Book Image

Building Web Applications with ArcGIS

By : Hussein Nasser
Book Image

Building Web Applications with ArcGIS

By: Hussein Nasser

Overview of this book

Table of Contents (13 chapters)

Chapter 1. The Bestaurants Project

The Web has proved to be the most resilient technology ever since its invention. New technologies have risen and died down against the rapid pace of technology advancement and the user adaptation. However, the Web remains the most used technology due to its open standard and accessibility. The idea of having a thin browser that can consume content over a network from a remote server seems to be the most intelligent and intuitive design ever created. The client is completely isolated from the gimmicks of the server: what version, references, dependencies of the software, operating system, and so on. All the browser has to support is HTTP. Not only that, the web applications can also reflect on business budget, as it eliminates expensive hardware budget, software licenses, and it can even extend the number of users.


Hypertext Transfer Protocol (HTTP) is a standard protocol for transferring structured text information between client and server.

Seeing its formidability, companies looking to reach a wider client base with the least cost started adopting the Web into their enterprises. Desktop applications started moving to the Web. I can still remember the days when I used to search for applications to convert an image to an icon file so that I can use it in my projects. I had to make sure that I had the right operating system to install the software and install any dependencies if needed. Now, with the ICO converter website, I simply upload my image, and the website returns the icon file. Similarly, to create a ringtone for my phone, I can edit and cut my favorite part of the mp3 music file by uploading it to, then specifying where to cut, and then download the new mp3 file.

Among the companies that started to adopt the Web is Esri, the top geographic information system software provider with its ArcGIS flagship software. Esri's main successful software is ArcGIS for Desktop, hereafter known as Desktop (uppercase). This rich software was built for Microsoft Windows and it has had a lot of success. However, to view the geographic data created by ArcGIS for Desktop, one should have this software installed on his or her PC. This takes resources, time, and more licenses, making users frown upon using it, especially those who don't use Windows as their primary operating system. Also, companies adopting the ArcGIS technology have to pay extra for licensing for each user on the desktop.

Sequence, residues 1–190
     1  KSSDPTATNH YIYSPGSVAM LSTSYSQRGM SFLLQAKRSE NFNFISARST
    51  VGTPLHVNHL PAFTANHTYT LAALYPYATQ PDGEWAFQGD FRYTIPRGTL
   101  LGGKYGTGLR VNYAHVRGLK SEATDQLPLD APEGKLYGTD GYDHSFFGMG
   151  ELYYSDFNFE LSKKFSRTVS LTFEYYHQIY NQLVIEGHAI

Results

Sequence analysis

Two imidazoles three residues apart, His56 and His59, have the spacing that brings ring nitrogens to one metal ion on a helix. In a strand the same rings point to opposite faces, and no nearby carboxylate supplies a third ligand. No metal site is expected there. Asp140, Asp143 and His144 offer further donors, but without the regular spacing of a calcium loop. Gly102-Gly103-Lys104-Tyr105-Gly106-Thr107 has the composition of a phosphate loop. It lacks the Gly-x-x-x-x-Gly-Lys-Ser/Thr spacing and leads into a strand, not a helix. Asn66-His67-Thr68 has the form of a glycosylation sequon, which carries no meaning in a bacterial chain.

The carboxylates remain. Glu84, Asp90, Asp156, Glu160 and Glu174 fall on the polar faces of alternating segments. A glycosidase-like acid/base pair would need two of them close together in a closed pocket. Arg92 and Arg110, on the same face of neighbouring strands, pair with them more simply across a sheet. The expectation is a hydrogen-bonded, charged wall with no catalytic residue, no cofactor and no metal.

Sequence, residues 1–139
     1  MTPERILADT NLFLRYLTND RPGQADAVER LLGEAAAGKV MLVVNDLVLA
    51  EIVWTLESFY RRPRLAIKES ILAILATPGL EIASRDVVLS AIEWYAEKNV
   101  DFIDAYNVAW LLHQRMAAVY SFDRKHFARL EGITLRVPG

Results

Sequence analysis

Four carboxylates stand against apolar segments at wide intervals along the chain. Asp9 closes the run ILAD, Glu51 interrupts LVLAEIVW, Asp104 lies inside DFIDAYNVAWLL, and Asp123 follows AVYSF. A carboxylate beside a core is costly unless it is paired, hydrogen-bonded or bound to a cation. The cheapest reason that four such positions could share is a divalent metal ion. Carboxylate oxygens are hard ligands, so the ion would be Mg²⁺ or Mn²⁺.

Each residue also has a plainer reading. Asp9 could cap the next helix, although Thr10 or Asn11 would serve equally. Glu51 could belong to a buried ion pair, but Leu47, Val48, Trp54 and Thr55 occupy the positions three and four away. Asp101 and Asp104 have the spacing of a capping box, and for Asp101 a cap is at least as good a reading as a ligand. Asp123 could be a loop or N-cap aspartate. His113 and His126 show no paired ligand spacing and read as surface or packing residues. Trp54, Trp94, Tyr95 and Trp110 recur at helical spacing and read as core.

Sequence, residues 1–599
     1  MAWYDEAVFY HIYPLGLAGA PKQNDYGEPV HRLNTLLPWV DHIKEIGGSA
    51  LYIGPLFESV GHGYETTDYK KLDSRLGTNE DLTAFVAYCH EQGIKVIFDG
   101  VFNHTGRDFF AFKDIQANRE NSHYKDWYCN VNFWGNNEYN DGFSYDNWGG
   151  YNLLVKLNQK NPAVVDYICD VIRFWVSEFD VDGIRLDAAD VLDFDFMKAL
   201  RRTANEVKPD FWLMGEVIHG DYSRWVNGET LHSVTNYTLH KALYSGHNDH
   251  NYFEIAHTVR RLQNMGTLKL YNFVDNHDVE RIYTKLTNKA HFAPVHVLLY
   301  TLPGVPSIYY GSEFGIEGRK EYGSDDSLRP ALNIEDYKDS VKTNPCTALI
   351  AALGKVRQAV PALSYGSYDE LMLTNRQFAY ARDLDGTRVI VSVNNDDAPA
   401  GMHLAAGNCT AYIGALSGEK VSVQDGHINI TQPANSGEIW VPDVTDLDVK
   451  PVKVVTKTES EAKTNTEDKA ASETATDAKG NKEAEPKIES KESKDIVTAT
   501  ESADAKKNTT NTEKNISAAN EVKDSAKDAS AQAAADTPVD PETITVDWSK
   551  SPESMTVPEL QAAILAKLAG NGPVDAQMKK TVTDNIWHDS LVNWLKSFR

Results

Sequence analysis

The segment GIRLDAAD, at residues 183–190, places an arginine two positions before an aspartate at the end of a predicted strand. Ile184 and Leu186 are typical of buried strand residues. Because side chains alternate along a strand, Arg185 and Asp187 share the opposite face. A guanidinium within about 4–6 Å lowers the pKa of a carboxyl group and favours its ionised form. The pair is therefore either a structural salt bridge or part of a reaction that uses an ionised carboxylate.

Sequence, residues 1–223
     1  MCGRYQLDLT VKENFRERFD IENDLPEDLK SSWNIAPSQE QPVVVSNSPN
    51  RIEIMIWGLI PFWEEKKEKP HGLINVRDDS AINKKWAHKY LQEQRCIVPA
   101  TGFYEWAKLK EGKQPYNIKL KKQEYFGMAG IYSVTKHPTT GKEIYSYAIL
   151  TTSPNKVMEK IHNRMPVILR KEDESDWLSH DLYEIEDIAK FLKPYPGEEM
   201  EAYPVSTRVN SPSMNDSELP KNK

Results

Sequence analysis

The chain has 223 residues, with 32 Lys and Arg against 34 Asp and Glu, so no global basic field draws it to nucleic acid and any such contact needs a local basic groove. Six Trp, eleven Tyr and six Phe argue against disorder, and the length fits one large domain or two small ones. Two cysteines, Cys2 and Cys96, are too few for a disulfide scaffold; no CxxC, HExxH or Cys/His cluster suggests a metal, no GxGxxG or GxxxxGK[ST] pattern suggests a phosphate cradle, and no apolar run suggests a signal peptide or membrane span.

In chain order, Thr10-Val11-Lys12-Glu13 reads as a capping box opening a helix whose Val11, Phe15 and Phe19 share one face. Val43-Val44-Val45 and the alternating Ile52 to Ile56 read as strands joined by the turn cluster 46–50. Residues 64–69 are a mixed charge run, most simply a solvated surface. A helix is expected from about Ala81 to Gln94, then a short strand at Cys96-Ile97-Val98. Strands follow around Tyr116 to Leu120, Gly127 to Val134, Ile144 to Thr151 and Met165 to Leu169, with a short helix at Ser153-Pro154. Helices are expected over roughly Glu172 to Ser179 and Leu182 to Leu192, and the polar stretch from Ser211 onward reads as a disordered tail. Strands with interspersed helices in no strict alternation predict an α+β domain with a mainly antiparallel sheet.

• ArcGIS: This is the proprietary technology, from Esri, that helps author, edit, publish, and view geographic content.

  • ArcGIS for Desktop: This is a 32-bit desktop application running on Microsoft Windows that allows for creating, editing, viewing, and analyzing of geographic content.

That is why Esri designed a new solution which enables users to consume geographic and mapping data from a browser. This software is called ArcGIS for Server. It allows the user to publish geographic content as a web service that can be used from different terminals. It also enables mobile devices to consume GIS data, something that traditionally was limited to desktop application only. The Online Audio Cutter website, for instance, has a web service that is being called from the main page to execute the file cutting process and returns the new modified file.

ArcGIS for Server is an integrated solution, which is becoming the backbone for the ArcGIS technology. The solution is scalable, meaning that you can add more machines to increase the performance. The installation of ArcGIS for Server is outside the scope of this book. You can learn how to install, configure, tune, and administer ArcGIS for Server from my other book, Administering ArcGIS for Server, published by Packt Publishing.


ArcGIS for Server: This is a solution that allows users to publish geographic content as a web service and use it from any client that supports HTTP. You can read more about ArcGIS for Server here:

Web service: This is a method that can be called by a client to perform a particular task and return some results.

In this book, you will work on a fictional business project named Bestaurants, where you will learn how to design and develop a completely functional ArcGIS web application that allows you to view Bestaurants's database of restaurants. This chapter will focus on setting up the basics and the fundamentals that will help you get started. We will read and understand the project mission requirements, design an interface and architecture, set up the Web server, and develop the template for our web application.